Why are we talking about a $6000 camera on a site geared toward student multimedia journalists? Because the advances, the first real ones made by any video DSLR since the Canon 5D Mark II andNikon D90) introduced the feature in 2008, will eventually (I hope?) trickle down to cameras that mere mortals can afford.
So what’s new?
In a word – the headphone jack.
Why is a trivial little jack the feature I chose to start with? Because finally, someone put one of these in a DSLR.
Recording interviews (or anything, really) has been a mix of both fear and frustration for DSLR video shooters over the last few years. While the large sensors and manual controls have enabled some amazing new looks for news video, the audio components haven’t kept pace. With the 5D Mark II, a camera I used since the day it was released, it wasn’t until a firmware update, in March 2010 (a year and four months after its release) that you could change audio levels. I plugged my external microphones into the jack and hoped for the best each time – without being able to control your audio levels or monitor through headphones, you were (aurally speaking) flying blind. The D90 was even more constrained – it had no jack for external microphones, leaving the built-in one as your only option.
Since then, most cameras have taken care of the audio levels part. Current mid- to pro-range cameras give you full manual controls in both audio and exposure, but up until the D4, there still wasn’t a way to check and make sure of what you were getting audio-wise while you were shooting. If a microphone malfunctioned mid-shoot, you wouldn’t know until you played back the clip – usually long after your subject had gone home and a reshoot became impossible.
This led to many visual journalists devising custom DSLR rigs to hook up audio recorders as backups to the sound captured with the camera. This provided an extra layer of protection in case microphones failed, gave the journalist control over audio levels and allowed headphone monitoring – but at the cost of having to sync up the audio and video later in software. Not an ideal situation in a hurry. It also added bulk and expense to the whole endeavor. One of the upsides to DSLR video was that it was supposed to reduce the amount of gear to carry in the field – I remember days where I carried a bulky Panasonic DVX and a Canon DSLR to shoot with at the same time, and that was only 2006.
Including the audio solutions in the camera – audio levels and headphone monitoring – should cause these dreams of a lightweight field setup to become a reality.
The rest of the specs
There’s some other noteworthy inclusions that are a step up above the previous generation of video Nikons – audio meters on the screen (more help with audio monitoring is always a plus), more frame rates (1080p at 29.97 fps is something Canon has been doing for a while, so it was long overdue here and a nice addition to the 23.97 fps mode that was already slick on the D7000), and the ability to capture raw HD feed straight from the camera (now you can record those hour-long press conferences in one shot). There’s also another feature borrowed from Canon – a “crop mode” for video that uses a smaller area of the sensor to magnify your lenses by 2.7x. I’ve tried this on a Canon Rebel T2i and it is quite handy to extend the reach of even modest lenses. That said, such extreme magnifications are taxing on the optics of lenses – any minor imperfections of a lens are brought to light at such high magnification.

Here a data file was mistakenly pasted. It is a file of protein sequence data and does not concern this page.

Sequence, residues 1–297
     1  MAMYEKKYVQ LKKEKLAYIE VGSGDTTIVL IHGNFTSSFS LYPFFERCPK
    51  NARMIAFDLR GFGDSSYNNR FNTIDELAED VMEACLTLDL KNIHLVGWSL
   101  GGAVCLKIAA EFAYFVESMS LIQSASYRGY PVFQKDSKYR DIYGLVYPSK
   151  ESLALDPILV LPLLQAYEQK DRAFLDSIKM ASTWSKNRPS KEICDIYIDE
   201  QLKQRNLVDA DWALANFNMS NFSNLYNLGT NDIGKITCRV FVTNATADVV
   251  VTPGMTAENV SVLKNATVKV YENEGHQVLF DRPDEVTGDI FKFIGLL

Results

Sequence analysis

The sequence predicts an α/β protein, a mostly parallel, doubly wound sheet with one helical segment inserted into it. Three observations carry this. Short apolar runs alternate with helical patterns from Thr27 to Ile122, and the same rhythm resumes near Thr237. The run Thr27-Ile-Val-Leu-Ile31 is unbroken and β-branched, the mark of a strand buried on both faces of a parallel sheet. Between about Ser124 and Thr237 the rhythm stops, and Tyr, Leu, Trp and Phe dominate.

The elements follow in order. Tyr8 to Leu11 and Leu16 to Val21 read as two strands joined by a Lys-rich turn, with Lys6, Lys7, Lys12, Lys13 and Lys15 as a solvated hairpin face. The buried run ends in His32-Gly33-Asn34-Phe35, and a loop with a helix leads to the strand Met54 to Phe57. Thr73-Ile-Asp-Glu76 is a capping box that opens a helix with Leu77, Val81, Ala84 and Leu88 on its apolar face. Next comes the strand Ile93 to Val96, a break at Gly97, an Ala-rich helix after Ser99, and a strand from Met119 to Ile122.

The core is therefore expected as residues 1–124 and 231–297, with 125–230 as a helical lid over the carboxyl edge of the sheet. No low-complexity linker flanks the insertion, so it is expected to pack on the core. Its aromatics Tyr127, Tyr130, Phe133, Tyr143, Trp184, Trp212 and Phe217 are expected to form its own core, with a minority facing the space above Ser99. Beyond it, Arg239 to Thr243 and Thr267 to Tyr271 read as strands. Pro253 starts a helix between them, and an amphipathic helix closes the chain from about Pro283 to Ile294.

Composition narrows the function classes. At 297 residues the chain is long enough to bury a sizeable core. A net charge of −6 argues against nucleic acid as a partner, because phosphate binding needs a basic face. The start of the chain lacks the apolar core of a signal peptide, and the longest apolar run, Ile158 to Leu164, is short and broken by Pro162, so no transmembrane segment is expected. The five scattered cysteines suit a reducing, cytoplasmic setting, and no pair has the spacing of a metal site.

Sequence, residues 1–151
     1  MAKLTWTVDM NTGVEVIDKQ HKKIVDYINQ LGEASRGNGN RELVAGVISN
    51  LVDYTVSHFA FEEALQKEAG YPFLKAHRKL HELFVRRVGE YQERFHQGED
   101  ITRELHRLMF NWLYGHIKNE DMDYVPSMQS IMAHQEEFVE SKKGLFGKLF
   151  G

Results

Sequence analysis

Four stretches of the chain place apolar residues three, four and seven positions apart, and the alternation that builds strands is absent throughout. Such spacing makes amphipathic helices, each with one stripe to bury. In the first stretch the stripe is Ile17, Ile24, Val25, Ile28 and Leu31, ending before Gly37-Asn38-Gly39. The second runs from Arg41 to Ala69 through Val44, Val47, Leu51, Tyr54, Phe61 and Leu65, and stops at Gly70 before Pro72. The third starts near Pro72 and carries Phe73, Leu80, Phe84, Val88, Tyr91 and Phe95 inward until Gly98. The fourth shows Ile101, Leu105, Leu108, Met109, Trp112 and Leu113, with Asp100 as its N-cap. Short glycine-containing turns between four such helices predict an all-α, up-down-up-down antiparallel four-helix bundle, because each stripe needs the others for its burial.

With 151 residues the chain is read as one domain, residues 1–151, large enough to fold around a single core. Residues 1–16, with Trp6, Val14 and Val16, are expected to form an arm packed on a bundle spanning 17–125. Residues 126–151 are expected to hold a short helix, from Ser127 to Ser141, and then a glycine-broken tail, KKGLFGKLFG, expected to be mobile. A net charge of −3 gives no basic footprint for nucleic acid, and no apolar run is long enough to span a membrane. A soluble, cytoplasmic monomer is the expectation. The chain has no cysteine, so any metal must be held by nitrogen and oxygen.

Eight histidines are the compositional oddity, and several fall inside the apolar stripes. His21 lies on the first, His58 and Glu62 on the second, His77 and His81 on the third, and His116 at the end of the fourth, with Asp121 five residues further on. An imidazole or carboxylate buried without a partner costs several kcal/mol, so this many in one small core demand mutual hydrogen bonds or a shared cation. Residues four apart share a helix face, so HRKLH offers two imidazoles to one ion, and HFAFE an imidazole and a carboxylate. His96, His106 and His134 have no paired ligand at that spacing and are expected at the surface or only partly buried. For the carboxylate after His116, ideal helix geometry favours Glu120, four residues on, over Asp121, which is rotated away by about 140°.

Where do we go from here?
While this kind of progress is good, there’s still more work to be done. I used to shoot primarily video in the field, and so here’s some more for the next generation of cameras, in no particular order:
1. One more audio input. I can live without professional XLR connections – most miniplug microphones (of various types – wireless, lavalier, stick, shotgun, etc.) I’ve used have all worked fine, but shooting a two person interview with one mic is difficult. This has been a longstanding feature of professional video cameras that is needed in this space as well.
2. Built-in neutral density filters. One of the great things about DSLR video is the shallow depth of field you can get with wide apertures (think f/2.8, f/1.4, etc.). That said, without screwing neutral density filters (think sunglasses for cameras) onto the front of lenses manually, there is no way to shoot that wide in broad daylight. Most video cameras have built-in filters you can control with a switch. How about one for DSLRs?
3. Smooth zooms. Video cameras have powered zoom buttons that enable smooth zooms. On a DSLR, twisting the rings on a lens introduces a lot of unsteadiness in the zoom, and it never looks as good as a real video camera. Panasonic has made some great strides here with their “X” series of lenses for the micro four-thirds system. I don’t own a Panasonic’s range-topping GH2 (I have a GF3), but the video quality on micro-four-thirds is quite good, and this could be Panasonic’s “ace-in-the-hole” to cracking the DSLR video market that Canon and Nikon dominate right now.
4. Swivel Screens. If Canon can do this on a 60D and Rebel T3i, and Nikon can do this on their D5100, surely this technology can make its way upstream, right? Who says that everything has to float downward – this is a great innovation for video shooters, let’s see it in more models.
Maybe some of this stuff can come around in the (at this point, fictional) Nikon D7100?
And of course, don’t just take my word for all of this – see some D4 sample video and a tech demo:
DSLRNewsshooter’s run-through of the camera’s features: